2020/21 Undergraduate Module Catalogue
MEDI1220 Body Systems
Module manager: Dr Erica Di-Martino
Taught: Semester 2 (Jan to Jun) View Timetable
Year running 2020/21
Pre-requisite qualificationsSuccessful admission into year 1 MBChB programme.
|MEDI1204||Individuals and Populations|
|MEDI1213||Research, Evaluation and Special Studies 1|
|MEDI1214||Innovation, Development, Enterprise, Leadership and Safety 1|
|MEDI1215||Campus to Clinic 1|
|MEDI1216||Introduction to Medical Sciences|
|MEDI1218||RESS 1 Special Studies Project|
Module replacesMEDI1217, MEDI1203
This module is not approved as a discovery module
ObjectivesWith respect to the cardiovascular, respiratory, gastrointestinal, renal and reproductive systems; by the end of the module students will be able to:
1. Describe normal human development, structure and functions.
2. Explain the scientific bases for common disease presentations.
3. Explain the fundamental principles underlying common investigative techniques.
4. Interpret findings from basic physiological measurements.
5. Demonstrate basic knowledge of the drugs and other therapies used to treat common conditions affecting these systems
The respiratory, cardiovascular, gastrointestinal, renal and reproductive systems in health and normality are studied. Students are taught to recognise the boundary of health with disease. By then end of the module students should be able to identify:
1) How the respiratory system protects itself and ensures efficient gas exchange and acid-base balance.
2) The role of the cardiovascular system in ensuring the adequate supply and return of blood for all body parts.
3) The mechanism by which the gastrointestinal system and associated organs ensure the effective digestion, absorptions and utilisation of nutrients.
4) The role of the renal system in ensuring that appropriate fluid volume and blood pH are maintained.
5) Key features of the reproductive system in conception, the maintenance of the developing foetus, and parturition.
6) How the disturbance of structure or function or both results in disease.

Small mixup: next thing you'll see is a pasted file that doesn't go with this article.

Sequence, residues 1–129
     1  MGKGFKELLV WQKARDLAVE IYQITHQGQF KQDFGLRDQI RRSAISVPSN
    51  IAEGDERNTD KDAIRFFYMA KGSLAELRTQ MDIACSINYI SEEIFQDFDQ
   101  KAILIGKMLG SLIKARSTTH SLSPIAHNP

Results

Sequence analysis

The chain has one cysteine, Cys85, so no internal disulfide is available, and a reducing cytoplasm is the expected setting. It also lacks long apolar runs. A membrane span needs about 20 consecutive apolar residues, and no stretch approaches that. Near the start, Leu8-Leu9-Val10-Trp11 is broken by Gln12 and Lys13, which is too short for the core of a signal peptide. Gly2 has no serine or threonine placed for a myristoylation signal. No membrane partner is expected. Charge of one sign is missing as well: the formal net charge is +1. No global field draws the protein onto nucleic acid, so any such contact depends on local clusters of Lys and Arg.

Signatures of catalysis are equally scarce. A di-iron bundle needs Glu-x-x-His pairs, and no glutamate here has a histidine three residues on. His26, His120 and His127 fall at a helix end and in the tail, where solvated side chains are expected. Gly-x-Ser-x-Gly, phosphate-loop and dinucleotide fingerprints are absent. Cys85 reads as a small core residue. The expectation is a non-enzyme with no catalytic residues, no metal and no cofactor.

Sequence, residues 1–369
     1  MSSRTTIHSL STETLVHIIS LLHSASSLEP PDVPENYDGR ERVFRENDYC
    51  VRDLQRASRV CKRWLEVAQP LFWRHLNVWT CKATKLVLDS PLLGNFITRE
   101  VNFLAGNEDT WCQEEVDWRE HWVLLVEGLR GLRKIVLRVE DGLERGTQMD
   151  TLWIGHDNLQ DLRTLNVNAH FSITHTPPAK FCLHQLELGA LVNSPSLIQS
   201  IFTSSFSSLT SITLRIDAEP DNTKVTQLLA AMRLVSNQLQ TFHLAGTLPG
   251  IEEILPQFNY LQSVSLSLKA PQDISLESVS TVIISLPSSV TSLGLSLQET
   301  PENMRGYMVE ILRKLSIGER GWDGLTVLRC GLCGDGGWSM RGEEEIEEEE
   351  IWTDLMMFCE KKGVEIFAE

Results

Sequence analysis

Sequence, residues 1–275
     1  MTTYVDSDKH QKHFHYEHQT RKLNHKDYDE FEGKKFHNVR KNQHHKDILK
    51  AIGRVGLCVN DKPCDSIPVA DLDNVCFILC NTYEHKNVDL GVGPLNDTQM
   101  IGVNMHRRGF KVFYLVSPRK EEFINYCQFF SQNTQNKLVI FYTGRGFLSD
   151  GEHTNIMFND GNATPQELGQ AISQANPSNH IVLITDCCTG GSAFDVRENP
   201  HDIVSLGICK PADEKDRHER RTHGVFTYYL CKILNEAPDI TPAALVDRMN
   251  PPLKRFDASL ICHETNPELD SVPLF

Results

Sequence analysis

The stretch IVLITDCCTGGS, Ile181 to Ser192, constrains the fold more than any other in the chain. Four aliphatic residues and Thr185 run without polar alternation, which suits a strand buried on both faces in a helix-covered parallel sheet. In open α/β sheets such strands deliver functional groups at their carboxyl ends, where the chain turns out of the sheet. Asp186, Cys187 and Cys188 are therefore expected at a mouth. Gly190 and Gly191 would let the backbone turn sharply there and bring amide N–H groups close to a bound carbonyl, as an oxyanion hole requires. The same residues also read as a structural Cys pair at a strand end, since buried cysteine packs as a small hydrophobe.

7) How prevention and management of common body system diseases is best achieved.
8) The mechanism by which drugs and other therapies are used to treat common diseases affecting these systems.
Application of scientific principles to medical practice as appropriate:
1) Practising the measurement of relevant parameters e.g. pulse, blood pressure, electrocardiogram, respiratory function test, urine testing, etc.
2) Developing awareness of relevant clinical investigations and systems monitoring.
The respiratory, cardiovascular, gastrointestinal, renal and reproductive systems in health and normality are studied. Students are taught to recognise the boundary of health with disease and the unit provides students with an integrated scientific and clinical understanding of these systems.
Module syllabus outline:
Normal structure and function: gross anatomy of the cardiovascular system, cardiac muscle function, the cardiac cycle, nervous input to the heart, mechanics of blood flow, circulatory routes, arteries, veins and microcirculation. Transport functions, red cell and platelet function, haemostasis and fibrinolysis. Blood pressure, normal alterations (orthostasis and exercise) and control mechanisms.
Development of the heart, foetal circulation and circulation in the neonate.
Basic principles of clinical diagnosis and treatment of common disorders, heart failure, stroke, disorders of rhythm, myocardial ischaemia, peripheral vascular disease.
Pharmacology of the cardiovascular system.